Lisa Biagiotti: At first, I was concerned we were doing advocacy journalism. I questioned whether we were imposing our U.S.-centric views on a country with a different cultural bedrock. Did we really understand the Jamaican culture, which is steeped in religion? Admittedly, I was protective of Jamaican people, who I still hold to be some of the warmest and most resilient people on Earth.
Going into these stories, I was aware of my bias. As a journalist, first-hand observation served as my guide. My team and I went to the places where people were literally living in hiding. We listened to the palpable stories of many gay men — the violence against them, the families that rejected them, the double lives they lead and the idea of mainstreaming their lifestyle to “make it right with God.”
We spoke to hundreds of Jamaicans from all walks of life to try to understand the cultural nuances and attitudes toward homosexuals. And everywhere we went, we heard the same things — said with varying levels of vitriol. Open homosexuality is not accepted. Tolerance and violence really depends on class and whether people act on their general disgust toward gays.
After observing and speaking with people on the ground, I’m confident that the stories we’re producing are fair and accurate illustrations of Jamaican attitudes toward homosexuals. As for my family in Jamaica and abroad, I believe they will respect that. Our goal is not to change Jamaican culture and mores, but to present what it’s like to be gay in Jamaica, and why it is important for the general population to talk about homosexuality because gay men are living double lives in secret.
Q: What do you mean by “double lives?” How is this playing into the spread of HIV?
Lisa Biagiotti: A recent Ministry of Health study showed that more than 30 percent of gay men are HIV+. It was a small sampling of about 200 gay men. But it was one of the first surveys conducted within the gay community. Whether or not the study is actually reflective of the larger gay community is questionable, but this rate is still 20 times higher than the general population.
What’s important here is that gay men are not isolated from the rest of the population. These men lead double lives — one gay life underground and another “heterosexual” life to save face in their communities. Gay men have girlfriends and wives and children, who likely do not know of their secret lives. This poses a threat to spreading HIV into the general population. So, when you layer this 30+ percent figure over the laws, religion and general stigma against homosexuality, you’re masking the problem and potentially spreading the infection into the general population.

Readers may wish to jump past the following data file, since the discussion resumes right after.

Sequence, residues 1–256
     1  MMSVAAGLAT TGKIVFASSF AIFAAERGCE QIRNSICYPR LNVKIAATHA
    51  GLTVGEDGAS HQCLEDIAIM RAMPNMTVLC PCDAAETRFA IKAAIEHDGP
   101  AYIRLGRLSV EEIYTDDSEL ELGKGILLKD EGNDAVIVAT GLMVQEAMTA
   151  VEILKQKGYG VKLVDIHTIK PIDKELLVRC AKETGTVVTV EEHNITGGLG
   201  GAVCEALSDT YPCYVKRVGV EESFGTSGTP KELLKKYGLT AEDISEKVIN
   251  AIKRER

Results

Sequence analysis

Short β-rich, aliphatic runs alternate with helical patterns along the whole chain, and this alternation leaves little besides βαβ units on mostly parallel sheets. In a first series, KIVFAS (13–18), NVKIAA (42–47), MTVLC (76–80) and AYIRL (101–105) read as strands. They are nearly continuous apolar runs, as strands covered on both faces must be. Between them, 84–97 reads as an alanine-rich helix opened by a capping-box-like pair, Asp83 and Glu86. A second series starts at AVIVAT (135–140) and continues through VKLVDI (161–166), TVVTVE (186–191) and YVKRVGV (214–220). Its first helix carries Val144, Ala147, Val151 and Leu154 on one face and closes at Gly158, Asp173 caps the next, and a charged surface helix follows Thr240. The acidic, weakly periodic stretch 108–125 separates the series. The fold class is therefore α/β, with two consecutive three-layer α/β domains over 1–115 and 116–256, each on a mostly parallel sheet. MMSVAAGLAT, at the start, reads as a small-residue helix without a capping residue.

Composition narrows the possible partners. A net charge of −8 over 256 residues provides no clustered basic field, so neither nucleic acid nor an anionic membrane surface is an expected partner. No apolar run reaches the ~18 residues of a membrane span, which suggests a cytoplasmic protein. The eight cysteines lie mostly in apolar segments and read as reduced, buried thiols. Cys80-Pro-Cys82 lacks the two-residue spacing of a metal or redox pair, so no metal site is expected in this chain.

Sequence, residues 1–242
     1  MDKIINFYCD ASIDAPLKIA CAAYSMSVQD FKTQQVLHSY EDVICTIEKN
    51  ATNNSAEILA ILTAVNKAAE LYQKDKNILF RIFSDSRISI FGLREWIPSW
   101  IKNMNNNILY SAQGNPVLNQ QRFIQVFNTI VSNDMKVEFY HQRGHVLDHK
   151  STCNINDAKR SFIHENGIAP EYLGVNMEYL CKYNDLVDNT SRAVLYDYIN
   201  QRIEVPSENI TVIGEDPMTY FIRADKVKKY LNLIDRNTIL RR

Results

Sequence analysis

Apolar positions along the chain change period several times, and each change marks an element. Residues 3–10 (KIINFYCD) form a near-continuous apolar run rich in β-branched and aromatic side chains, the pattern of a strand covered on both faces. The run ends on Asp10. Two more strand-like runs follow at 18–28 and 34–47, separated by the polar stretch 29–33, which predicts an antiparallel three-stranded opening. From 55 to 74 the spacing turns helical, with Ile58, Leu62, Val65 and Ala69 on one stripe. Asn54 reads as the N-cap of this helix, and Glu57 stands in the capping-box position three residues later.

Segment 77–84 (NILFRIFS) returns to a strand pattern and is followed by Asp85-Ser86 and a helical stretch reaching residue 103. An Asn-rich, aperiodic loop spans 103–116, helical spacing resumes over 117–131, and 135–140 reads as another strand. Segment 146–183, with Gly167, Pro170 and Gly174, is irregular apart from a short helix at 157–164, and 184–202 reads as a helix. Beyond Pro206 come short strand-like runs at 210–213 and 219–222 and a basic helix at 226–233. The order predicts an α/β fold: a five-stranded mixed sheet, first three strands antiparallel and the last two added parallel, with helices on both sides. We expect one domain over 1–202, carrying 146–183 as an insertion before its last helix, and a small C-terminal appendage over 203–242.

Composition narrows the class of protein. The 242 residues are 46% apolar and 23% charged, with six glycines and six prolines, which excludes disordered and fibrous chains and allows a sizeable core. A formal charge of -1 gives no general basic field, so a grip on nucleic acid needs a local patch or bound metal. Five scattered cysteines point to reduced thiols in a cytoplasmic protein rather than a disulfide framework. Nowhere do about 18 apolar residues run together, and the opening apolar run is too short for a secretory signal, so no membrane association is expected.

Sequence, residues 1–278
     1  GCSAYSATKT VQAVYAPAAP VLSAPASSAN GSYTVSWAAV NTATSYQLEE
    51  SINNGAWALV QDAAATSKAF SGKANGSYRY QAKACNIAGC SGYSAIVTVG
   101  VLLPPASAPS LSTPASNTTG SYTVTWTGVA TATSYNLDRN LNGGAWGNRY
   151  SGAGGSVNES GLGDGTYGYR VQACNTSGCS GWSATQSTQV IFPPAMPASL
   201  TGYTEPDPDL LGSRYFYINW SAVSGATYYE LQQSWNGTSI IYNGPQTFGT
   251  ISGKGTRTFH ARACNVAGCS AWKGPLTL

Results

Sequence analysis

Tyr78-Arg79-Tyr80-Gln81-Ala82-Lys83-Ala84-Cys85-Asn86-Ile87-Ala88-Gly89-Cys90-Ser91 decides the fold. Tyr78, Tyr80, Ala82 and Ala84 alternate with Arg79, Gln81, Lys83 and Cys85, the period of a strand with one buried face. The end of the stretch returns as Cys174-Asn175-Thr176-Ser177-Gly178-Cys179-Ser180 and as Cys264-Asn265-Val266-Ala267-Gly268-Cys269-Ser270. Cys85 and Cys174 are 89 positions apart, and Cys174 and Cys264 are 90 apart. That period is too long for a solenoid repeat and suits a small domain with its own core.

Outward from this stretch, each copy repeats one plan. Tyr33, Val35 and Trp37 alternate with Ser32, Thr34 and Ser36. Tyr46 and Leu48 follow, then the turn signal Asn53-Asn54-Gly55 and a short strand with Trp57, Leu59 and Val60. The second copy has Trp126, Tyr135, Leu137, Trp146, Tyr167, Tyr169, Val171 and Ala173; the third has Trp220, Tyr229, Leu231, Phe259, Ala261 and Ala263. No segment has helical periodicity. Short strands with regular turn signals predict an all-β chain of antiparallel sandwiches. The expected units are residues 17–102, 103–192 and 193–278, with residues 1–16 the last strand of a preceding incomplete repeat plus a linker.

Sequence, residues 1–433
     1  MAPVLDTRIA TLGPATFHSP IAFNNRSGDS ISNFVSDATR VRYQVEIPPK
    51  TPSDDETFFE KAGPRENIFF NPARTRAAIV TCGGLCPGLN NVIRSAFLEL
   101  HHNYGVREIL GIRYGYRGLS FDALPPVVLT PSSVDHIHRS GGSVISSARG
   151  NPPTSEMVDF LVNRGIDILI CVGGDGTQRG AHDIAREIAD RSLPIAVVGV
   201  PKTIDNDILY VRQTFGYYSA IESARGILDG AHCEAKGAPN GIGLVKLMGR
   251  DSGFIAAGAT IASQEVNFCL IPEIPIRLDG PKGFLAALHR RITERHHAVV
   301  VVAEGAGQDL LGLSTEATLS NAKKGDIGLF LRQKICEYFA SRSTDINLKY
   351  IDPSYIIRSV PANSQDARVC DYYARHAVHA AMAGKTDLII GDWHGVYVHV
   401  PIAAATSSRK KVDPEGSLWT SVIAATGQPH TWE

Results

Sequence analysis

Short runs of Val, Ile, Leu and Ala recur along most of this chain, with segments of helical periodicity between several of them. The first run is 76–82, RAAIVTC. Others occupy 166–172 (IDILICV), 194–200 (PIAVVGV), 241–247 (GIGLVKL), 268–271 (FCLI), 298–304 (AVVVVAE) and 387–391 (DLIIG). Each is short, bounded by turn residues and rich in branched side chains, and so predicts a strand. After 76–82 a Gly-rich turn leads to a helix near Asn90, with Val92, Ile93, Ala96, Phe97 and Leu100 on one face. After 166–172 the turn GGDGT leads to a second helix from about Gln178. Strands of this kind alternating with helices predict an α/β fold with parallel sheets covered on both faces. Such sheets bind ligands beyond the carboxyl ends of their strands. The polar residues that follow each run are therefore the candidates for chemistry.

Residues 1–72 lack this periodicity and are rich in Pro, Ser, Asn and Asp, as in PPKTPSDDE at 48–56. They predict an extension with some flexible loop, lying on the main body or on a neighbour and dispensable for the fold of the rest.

Q: How does the Jamaican government address the HIV problem without acknowledging the gay community?
Lisa Biagiotti: It’s difficult to target the gay community because they’re not out in the open. There could be no ad campaign in Jamaica talking about using condoms for anal sex because anal sex is illegal and punishable with a 12-year prison sentence of hard labor. The channels of awareness and education of gay men are limited and insufficient. I should also mention that, on the flip side, Jamaica has made incredible strides in making anti-retroviral medication free and accessible to everyone. Early testing has whittled the mother-to-child HIV transmission rate down to under 5 percent. But the gay community is not siloed from the general population and could potentially reintroduce the disease into the general population.
Q: Given the extreme anti-gay discrimination and level of violence in Jamaica, did you ever feel that you were in danger as you covered these stories?
Lisa Biagiotti: Every day, approximately four or five people are murdered in Jamaica. For a country the size of Connecticut, with 2.8 million people, that’s a staggering murder rate. I don’t know if I had a false sense of security, but I never felt in danger. We had local guides taking us around and introducing us to communities, and I think that was key. We made sure we had an introduction wherever we went. We told people we were reporting on homosexuality, HIV and AIDS. We knew these were touchy topics, but we were open and I think Jamaicans appreciated our honesty, and were in turn welcoming.